School Board approves superintendent selection timeline
Published 12:17 pm Monday, October 17, 2022
RESERVE — After an hour of discussion that included multiple public comments, the St. John the Baptist Parish School Board approved a timeline to select the next superintendent in December.
According to the approved timeline, the St. John School Board will advertise for the superintendent position in L’OBSERVATEUR and The Advocate the weeks of November 2 and November 9. The deadline to apply for the position will be November 18.
Applications will be retrieved from the School Board P.O. box on November 22. The first round of interviews will take place December 5-6, followed by a regular School Board meeting on December 8 in which the finalists will be named. A second round of interviews will take place December 12-13, and the next superintendent will be named during a special meeting on December 15.
Much like last month’s School Board meeting, several members of the community were present in the audience to vocalize their opposition to the School Board selecting a superintendent prior to the installation of a newly elected School Board in January.
While incumbents Charo Bossier-Holden, Shawn Wallace and Debbie Schum are unopposed and guaranteed a spot on the board for the next term, several district seats are being contested in the November 8 election. Two current board members, Patrick Sanders and Phillip Johnson, have chosen not to run for re-election. Starting in 2023, the 11-member School Board will have at least two new members and potentially as many as eight.
Some community members who approached the podium during the public comment period questioned the current School Board’s ability to choose an effective leader, while others proposed alternate options to the timelines listed on the agenda.
Eliza Eugene, representing a new group called Save Our Schools, suggested advertising the weeks of November 16 and November 23 and setting the application deadline for December 19.
“By then, you will know who your new board is. Call the District Attorney and ask if we can have a workshop so when the new board comes in on January 4, 2023, they will have gone through the ethics training and know the best practices for selecting a superintendent,” Eugene said.
Another voice of dissent was School Board member Keith Jones, who clarified that he did not have an issue with the timeline itself, but the fact that it had not been reviewed by the School Board’s Executive Committee prior to Thursday’s meeting.
The first potential timeline listed on the agenda, which would have started the advertising process this week, was pulled, while the second option to begin advertising the week of November 2 was ultimately approved. Jones said neither option was presented to the full board until two days before the meeting.
“Hiring a superintendent is our main job, and these options should have been brought to the executive committee,” Jones said. “Respectfully, how can we vote on this if we didn’t get it until Tuesday?”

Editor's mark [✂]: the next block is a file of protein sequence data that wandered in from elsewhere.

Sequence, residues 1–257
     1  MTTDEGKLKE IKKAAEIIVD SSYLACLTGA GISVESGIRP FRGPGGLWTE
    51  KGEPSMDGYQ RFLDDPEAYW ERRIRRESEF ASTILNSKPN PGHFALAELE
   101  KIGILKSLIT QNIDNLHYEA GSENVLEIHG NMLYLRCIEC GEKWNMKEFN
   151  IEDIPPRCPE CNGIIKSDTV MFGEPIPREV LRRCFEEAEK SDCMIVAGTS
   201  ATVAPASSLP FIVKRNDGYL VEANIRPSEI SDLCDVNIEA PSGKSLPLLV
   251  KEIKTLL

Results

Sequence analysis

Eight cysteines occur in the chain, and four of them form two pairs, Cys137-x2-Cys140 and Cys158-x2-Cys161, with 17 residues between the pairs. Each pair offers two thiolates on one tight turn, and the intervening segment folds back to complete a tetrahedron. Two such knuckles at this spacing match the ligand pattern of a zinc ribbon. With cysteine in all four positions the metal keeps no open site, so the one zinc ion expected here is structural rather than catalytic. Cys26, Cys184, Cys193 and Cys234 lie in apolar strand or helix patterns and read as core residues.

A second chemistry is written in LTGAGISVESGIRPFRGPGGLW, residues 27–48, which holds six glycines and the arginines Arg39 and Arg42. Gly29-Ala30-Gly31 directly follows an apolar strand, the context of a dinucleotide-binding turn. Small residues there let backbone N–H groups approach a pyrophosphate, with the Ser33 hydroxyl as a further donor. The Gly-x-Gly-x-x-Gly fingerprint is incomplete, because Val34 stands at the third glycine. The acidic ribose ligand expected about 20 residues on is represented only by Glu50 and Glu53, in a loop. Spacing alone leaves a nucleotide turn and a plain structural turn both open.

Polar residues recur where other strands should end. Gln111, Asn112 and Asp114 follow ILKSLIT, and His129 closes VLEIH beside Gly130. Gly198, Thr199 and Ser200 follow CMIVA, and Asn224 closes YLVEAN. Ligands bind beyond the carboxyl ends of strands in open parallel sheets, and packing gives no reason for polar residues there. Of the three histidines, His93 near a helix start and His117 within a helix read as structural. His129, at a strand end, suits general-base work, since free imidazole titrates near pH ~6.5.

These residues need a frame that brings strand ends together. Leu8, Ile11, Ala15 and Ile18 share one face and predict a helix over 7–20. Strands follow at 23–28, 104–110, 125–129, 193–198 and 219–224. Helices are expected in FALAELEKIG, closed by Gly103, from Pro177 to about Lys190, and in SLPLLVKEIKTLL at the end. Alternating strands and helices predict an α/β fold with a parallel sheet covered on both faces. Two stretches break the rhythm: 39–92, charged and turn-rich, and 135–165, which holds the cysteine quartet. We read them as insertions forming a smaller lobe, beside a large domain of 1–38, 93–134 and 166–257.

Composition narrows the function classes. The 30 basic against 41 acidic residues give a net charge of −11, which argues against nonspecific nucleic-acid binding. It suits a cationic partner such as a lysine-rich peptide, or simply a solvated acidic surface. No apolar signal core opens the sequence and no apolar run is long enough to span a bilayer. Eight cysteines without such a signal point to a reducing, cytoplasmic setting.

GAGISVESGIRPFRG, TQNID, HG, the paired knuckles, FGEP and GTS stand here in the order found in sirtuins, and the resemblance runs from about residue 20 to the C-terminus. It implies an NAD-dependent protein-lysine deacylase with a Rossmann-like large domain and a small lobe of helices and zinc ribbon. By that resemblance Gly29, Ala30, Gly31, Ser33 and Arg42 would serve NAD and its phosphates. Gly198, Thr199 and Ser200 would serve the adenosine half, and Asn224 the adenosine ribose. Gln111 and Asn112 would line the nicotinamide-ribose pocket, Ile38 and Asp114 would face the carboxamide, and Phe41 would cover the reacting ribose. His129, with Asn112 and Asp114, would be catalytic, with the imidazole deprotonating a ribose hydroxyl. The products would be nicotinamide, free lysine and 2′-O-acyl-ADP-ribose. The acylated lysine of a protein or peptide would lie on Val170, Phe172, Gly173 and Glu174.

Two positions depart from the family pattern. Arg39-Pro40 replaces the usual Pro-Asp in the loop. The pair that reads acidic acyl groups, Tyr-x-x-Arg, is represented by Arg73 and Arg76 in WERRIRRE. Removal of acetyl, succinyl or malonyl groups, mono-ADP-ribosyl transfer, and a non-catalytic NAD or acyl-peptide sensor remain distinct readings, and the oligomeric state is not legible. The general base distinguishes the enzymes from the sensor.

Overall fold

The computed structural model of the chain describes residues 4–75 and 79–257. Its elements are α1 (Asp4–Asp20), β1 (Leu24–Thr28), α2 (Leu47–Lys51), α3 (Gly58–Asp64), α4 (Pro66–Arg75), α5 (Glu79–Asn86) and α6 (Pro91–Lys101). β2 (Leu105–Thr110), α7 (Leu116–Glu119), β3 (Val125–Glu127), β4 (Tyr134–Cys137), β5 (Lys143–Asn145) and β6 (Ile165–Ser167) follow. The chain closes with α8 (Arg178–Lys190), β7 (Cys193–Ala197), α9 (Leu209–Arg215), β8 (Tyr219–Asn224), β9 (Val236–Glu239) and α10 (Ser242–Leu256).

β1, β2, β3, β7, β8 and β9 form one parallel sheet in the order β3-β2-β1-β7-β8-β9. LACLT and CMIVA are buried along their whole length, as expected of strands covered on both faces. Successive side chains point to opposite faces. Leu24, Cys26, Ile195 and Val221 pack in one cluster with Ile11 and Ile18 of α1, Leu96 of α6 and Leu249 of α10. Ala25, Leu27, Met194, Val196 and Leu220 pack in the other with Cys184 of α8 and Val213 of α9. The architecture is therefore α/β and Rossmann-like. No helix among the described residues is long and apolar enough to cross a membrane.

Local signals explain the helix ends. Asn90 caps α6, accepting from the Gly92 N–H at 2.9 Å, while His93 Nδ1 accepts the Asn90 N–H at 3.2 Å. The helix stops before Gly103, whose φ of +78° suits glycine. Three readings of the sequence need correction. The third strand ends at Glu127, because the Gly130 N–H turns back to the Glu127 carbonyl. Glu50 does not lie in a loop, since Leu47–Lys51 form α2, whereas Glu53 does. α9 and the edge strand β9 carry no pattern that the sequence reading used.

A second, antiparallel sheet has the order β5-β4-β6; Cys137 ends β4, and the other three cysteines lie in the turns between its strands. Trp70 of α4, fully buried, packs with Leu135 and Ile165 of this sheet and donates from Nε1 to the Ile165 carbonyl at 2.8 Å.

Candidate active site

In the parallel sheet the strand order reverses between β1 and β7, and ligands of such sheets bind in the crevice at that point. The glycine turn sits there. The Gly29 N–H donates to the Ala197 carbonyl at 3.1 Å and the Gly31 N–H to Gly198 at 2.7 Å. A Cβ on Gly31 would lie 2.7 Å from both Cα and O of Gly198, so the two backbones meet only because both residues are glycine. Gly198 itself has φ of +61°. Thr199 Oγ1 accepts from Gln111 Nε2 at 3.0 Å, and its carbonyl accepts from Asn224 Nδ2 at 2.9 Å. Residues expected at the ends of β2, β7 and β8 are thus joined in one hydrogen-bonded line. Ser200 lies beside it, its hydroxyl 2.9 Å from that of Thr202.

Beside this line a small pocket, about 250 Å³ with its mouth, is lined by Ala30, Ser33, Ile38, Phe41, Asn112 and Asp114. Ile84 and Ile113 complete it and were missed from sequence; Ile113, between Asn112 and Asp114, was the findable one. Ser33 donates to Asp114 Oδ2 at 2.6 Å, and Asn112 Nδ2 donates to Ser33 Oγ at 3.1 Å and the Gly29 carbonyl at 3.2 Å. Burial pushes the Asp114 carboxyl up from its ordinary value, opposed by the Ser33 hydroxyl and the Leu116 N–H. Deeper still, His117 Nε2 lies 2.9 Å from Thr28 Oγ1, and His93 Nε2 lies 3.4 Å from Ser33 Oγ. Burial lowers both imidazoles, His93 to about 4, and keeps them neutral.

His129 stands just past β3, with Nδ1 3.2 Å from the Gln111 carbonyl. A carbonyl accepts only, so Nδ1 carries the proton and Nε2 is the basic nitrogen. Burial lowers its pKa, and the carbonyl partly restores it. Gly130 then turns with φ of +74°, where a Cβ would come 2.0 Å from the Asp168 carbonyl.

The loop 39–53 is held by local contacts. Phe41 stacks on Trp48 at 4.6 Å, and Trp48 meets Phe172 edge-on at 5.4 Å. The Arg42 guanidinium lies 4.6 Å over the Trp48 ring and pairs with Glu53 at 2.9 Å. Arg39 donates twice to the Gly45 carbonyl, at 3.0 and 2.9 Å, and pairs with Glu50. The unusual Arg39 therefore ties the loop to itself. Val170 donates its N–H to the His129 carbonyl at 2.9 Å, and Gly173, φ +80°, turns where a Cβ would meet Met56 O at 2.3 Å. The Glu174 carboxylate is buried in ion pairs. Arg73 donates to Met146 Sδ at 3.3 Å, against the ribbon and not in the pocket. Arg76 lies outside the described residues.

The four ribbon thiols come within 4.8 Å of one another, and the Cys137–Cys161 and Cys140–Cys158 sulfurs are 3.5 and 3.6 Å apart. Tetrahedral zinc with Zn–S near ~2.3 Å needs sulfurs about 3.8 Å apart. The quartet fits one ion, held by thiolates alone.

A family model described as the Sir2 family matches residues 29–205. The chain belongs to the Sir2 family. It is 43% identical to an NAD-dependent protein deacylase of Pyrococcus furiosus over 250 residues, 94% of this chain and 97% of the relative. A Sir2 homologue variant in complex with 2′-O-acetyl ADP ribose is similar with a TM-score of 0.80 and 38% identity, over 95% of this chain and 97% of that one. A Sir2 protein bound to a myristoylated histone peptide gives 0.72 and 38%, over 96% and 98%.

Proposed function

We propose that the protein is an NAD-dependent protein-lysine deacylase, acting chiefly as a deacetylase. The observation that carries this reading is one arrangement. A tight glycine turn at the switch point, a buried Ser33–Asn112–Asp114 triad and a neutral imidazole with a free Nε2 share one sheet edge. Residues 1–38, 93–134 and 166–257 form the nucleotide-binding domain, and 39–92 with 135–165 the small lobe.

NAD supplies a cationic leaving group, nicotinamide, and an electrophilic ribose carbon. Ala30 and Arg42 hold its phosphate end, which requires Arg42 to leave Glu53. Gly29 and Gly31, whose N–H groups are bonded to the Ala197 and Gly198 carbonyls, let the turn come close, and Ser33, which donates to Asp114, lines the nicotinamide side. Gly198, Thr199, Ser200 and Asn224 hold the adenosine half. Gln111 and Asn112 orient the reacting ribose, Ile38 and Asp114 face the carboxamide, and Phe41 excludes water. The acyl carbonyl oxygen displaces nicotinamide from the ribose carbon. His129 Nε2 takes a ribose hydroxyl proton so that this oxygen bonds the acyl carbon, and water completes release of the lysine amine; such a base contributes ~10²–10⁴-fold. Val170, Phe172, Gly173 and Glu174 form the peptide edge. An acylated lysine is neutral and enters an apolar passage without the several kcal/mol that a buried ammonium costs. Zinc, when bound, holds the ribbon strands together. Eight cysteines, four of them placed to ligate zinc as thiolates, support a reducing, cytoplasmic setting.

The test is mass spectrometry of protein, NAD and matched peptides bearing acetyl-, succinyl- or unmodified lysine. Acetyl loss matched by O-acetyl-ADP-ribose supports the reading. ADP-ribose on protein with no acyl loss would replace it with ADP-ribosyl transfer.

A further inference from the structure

Jones added that the timeline was not a reflection of teamwork and was single-handedly put together by School Board member Debbie Schum. School Board President Nia Mitchell-Williams corrected him, stating that she put the timeline together following a School Board workshop a week prior.
“We called a work session last week. I was instructed to work with our attorney to develop a timeline. That’s what was done,” she said.
Mitchell-Williams said the School Board has been strong and cohesive to this point, and she was frustrated by what she perceived as attempts to break the board apart in the name of politics. She noted that none of her District 10 constituents have told her not to name a superintendent, and the opposition she heard during the public comment period has not been expressed during conversations with members of her district.
“We have never had this many people at the board meeting…During the last selection process, it was crickets,” Mitchell-Williams said. “It’s an election year, there’s politics involved, and we are playing politics over the head of my child who goes to public school.”
Mitchell-Williams said there also seems to be a misunderstanding among the public over the responsibilities of a school board, which, according to Act One of 2012, include only the following three items: Name and evaluate a superintendent, adopt a balanced budget yearly, and adopt policy to ensure the district is in alignment with state and federal law.
School Board member Debbie Schum emphasized that time is of the essence when it comes to selecting a leader.
“I believe every day counts. I don’t think a school board should sit dormant for three months because there might be a change,” Schum said. “We cannot continue to kick the can down the road. We need permanency for our students and our employees.”
School Board member Charo Holden said it was enlightening to hear what the public had to say, but it is her responsibility to make the decision she believes to be in the best interest of the children and her constituents.
The superintendent selection timeline was approved by a vote of 6-4.